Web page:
Escrow opens when the buyer and seller sign a sales contract and a deposit is paid. The escrow is held open by a neutral third party (usually the title company’s bank) along with documents and instructions necessary to complete the transfer, until the sale is complete. The Real Estate Purchase contract serves as instructions for the escrow officer in terms of accounting for Escrow and release of Escrow funds.
Escrow assures that the lender releases the home purchase funds at or about the same time that the deed is recorded to reflect new ownership.
What is an Escrow Deposit?
Also known as an Earnest Money Deposit, the escrow deposit is money that a homebuyer puts down as a sign of good faith when purchasing a home. It is refundable until the end of the inspection period unless otherwise negotiated, but after that, if the transaction is cancelled, it is usually forfeited to the seller for their trouble.
How long do funds stay in escrow?
Usually 45 to 60 days, but it can be from a few days to several months. The escrow timeferame is determined by the terms of the Real Estate Purchase Agreement and the time taken to process your loan.
How do the new TRID Regulations affect me?
Mortgages are complex transactions that may include risky features, so we’ve issued a rule that will simplify and improve disclosure forms for mortgage transactions. Consumers currently receive different, but overlapping federal disclosure forms with the terms and costs of mortgage loans. Because these forms are confusing for many people, Congress directed the Bureau to create new forms. The rule replaces the current forms with two new forms: the Loan Estimate, given three business days after application, and the Closing Disclosure, given three business days before closing. Specific benefits of the new forms and rules include:
- Combining several forms and additional statutory disclosure requirements into two forms. This will reduce paperwork and consumer confusion.
- Using clear language and design that will help consumers understand complicated mortgage loan and real estate transactions.
- Highlighting the information that has proven to be most important to consumers. On the new forms, the interest rate, monthly payments, and the total closing costs will be clearly presented on the first page. This will make it easier for consumers to compare mortgage loans and choose the one that is right for them.
- Providing more information about the costs of taxes and insurance and how the interest rate and payments may change in the future. This information will help consumers decide whether they can afford the mortgage loan and the home, now and in the future.
- Warning consumers about features they may want to avoid, like penalties for paying off the loan early or increases to the mortgage loan balance even if payments are made on time.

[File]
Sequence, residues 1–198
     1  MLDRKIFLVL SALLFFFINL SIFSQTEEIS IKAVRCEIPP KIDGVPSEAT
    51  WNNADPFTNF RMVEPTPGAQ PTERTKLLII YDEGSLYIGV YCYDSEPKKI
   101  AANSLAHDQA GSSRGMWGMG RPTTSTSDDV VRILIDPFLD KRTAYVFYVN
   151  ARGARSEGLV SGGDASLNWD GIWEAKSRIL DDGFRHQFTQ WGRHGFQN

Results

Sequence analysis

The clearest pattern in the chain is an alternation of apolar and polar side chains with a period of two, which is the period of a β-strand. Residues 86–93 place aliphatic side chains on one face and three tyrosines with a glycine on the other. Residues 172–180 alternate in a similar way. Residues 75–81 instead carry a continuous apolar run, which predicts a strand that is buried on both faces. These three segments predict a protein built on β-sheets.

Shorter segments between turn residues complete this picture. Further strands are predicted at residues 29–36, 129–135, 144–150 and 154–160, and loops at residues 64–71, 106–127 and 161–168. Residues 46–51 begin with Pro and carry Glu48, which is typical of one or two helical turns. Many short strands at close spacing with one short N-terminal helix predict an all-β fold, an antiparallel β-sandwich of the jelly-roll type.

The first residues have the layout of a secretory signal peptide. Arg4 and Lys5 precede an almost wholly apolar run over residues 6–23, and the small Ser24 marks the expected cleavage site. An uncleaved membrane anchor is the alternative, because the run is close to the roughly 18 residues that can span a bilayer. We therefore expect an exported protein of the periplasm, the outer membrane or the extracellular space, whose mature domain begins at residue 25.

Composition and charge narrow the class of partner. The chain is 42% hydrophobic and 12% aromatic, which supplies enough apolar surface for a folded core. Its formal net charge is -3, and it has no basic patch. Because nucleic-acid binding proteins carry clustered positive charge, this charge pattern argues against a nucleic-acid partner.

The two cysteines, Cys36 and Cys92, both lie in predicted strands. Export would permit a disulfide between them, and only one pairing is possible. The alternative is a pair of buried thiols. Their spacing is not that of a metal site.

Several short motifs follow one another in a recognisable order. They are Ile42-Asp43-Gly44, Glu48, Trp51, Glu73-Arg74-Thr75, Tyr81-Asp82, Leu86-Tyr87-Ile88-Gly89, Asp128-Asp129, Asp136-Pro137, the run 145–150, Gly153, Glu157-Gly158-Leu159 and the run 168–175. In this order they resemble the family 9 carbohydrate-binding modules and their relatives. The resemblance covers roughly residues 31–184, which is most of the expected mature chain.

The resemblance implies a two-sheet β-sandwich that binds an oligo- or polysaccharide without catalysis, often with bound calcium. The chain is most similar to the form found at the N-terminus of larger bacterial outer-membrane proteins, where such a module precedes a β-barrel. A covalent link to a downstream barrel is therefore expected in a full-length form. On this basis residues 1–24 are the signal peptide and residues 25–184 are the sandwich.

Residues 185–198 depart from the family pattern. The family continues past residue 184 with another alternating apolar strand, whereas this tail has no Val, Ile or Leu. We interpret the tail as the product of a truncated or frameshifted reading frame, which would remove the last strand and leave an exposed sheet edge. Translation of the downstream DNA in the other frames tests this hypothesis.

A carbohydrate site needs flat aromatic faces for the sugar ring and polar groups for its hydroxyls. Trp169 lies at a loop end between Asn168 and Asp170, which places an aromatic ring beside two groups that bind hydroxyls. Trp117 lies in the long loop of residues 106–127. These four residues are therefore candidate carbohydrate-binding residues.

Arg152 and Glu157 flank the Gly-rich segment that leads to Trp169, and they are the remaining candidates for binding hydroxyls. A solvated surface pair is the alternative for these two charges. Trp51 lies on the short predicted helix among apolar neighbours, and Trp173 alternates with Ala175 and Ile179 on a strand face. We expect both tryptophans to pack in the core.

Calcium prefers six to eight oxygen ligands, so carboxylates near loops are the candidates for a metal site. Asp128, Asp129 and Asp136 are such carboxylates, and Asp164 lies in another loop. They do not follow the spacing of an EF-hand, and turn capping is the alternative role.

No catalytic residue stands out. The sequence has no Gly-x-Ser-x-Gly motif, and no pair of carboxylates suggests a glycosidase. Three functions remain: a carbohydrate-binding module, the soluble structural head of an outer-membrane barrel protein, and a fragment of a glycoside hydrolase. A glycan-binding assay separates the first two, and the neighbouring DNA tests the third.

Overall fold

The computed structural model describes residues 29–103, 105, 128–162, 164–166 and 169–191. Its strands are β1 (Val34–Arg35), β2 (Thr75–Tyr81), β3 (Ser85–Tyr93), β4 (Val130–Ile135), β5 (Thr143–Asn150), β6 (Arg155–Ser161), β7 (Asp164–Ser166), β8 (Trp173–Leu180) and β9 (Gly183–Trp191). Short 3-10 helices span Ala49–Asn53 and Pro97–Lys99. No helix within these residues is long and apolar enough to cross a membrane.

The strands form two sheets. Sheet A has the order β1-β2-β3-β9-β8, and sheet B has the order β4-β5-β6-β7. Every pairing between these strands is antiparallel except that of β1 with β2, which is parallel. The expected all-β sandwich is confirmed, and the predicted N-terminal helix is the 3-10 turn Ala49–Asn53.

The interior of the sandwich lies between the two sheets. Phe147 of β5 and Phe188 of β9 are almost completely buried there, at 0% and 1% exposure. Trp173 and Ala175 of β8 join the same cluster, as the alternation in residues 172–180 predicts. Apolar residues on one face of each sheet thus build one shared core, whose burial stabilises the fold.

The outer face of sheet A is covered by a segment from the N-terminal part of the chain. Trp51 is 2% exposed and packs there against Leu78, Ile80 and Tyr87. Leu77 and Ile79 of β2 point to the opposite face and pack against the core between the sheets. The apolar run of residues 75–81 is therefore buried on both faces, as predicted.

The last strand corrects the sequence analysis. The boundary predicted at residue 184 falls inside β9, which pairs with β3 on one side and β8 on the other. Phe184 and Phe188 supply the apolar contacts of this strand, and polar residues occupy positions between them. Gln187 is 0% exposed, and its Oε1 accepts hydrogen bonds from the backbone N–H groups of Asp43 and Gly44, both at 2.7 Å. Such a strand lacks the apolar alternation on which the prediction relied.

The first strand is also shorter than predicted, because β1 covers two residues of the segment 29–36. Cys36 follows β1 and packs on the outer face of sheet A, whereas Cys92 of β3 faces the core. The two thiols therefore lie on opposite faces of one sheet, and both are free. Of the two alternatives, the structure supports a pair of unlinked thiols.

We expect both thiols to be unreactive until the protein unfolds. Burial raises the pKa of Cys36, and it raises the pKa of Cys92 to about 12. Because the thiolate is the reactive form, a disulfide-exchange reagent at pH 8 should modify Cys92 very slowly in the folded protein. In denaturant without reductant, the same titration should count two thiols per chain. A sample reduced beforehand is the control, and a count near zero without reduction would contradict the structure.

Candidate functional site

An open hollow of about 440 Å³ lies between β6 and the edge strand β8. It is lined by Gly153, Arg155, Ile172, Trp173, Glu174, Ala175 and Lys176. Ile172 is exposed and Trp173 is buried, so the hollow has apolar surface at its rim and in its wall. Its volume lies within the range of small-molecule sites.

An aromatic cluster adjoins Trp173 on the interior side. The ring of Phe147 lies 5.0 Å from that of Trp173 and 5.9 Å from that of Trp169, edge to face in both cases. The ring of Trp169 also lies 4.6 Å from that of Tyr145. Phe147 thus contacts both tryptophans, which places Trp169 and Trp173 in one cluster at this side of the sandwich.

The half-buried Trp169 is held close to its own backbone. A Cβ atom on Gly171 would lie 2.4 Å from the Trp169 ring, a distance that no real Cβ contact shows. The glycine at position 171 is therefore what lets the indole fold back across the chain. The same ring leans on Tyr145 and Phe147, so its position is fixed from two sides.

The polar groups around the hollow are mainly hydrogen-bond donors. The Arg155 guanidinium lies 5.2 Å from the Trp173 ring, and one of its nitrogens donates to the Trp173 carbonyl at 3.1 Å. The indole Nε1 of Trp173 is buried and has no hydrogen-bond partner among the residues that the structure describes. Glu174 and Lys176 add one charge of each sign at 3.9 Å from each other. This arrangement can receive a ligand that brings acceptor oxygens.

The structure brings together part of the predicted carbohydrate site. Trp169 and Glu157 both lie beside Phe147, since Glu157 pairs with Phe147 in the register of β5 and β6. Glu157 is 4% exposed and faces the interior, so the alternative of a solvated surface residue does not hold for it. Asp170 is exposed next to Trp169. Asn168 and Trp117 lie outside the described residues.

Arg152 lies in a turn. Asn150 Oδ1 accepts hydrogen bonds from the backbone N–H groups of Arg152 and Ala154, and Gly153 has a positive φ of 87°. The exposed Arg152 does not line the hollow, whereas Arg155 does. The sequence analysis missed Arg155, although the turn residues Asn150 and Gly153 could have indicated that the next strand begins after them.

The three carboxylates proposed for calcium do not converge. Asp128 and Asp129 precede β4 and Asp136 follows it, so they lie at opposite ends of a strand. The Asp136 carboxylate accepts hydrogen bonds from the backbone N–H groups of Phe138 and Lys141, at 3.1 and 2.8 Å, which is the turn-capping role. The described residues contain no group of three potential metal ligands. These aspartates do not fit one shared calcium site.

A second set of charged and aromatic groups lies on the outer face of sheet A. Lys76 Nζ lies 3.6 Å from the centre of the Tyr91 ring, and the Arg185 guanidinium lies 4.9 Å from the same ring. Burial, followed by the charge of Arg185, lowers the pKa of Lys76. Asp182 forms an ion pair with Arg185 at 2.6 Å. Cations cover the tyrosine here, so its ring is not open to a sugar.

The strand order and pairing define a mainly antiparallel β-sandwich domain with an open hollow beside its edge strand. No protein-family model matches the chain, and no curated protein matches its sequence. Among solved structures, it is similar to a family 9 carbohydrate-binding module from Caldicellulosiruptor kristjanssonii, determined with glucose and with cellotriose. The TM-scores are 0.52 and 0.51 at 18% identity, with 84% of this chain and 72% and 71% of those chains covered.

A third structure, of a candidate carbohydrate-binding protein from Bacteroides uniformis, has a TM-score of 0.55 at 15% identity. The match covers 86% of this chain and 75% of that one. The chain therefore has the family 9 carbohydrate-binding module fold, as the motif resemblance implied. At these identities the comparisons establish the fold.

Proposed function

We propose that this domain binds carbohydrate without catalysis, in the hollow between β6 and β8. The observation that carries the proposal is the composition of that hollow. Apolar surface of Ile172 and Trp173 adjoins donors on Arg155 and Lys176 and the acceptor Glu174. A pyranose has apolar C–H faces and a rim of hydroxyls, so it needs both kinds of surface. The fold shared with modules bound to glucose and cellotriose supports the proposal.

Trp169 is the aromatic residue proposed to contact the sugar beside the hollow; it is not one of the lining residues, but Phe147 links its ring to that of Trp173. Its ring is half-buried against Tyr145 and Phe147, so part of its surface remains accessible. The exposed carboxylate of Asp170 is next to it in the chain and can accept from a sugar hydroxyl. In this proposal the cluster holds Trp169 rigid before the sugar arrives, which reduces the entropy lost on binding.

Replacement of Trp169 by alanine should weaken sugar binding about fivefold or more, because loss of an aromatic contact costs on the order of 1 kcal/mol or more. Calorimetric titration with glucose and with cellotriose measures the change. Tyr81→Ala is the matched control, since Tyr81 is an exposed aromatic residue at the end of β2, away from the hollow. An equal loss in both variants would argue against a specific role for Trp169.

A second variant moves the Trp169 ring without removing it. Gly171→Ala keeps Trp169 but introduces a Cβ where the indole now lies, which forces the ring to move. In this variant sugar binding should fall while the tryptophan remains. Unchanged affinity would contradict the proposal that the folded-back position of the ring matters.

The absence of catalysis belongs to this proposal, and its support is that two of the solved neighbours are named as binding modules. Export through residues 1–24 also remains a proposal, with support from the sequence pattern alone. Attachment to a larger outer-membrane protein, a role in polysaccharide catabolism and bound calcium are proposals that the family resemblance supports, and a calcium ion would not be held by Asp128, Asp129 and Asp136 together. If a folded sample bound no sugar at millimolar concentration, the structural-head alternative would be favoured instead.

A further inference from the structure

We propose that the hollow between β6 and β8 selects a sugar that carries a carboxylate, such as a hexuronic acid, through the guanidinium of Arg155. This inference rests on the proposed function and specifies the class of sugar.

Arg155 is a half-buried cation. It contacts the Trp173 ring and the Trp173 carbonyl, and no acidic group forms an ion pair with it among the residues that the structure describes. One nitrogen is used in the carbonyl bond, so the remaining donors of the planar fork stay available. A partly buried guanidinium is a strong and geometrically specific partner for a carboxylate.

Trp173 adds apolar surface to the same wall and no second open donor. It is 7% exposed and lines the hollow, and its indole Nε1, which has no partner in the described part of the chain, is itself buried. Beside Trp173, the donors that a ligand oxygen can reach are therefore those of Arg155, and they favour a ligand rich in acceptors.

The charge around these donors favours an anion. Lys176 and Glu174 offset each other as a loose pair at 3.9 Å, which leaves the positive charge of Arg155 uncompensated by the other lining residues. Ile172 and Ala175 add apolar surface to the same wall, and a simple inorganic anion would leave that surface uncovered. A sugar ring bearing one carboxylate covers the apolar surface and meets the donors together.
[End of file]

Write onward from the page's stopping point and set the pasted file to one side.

- Making the cost estimates consumers receive for services required to close a mortgage loan more reliable, for example, appraisal or pest inspection fees. The rule prohibits increases in charges from lenders, their affiliates, and for services for which the lender does not permit the consumer to shop unless a specific exception applies. Examples of the specific exceptions include when information provided by a consumer at application was inaccurate or becomes inaccurate, or when the consumer asks for a change in the services.
- Requiring that consumers receive the Closing Disclosure at least three business days before closing on the mortgage loan. Currently, consumers often receive this information at closing or shortly before closing. This additional time will allow consumers to compare the final terms and costs to the terms and costs they received in the estimate. That will better equip them to raise any questions before they go to the closing table.
Foreign Investment in Real Property Tax Act
What is FIRPTA?
The acronym for the Foreign Investment in Real Property Tax Act. FIRPTA means that a buyer must withhold 15% of the amount earned by a foreign seller in the sale of an interest in U.S. real property. If the seller is not a US citizen and the buyer fails to withhold, the buyer may be held liable for the tax, as the government may not be able to collect it from someone who is in another country.
Where can I find out more about FIRPTA?
www.irs.gov has all applicable forms and details. Please call us with any additional questions you may have.
If you still have any questions after reading our FAQ, please get in touch!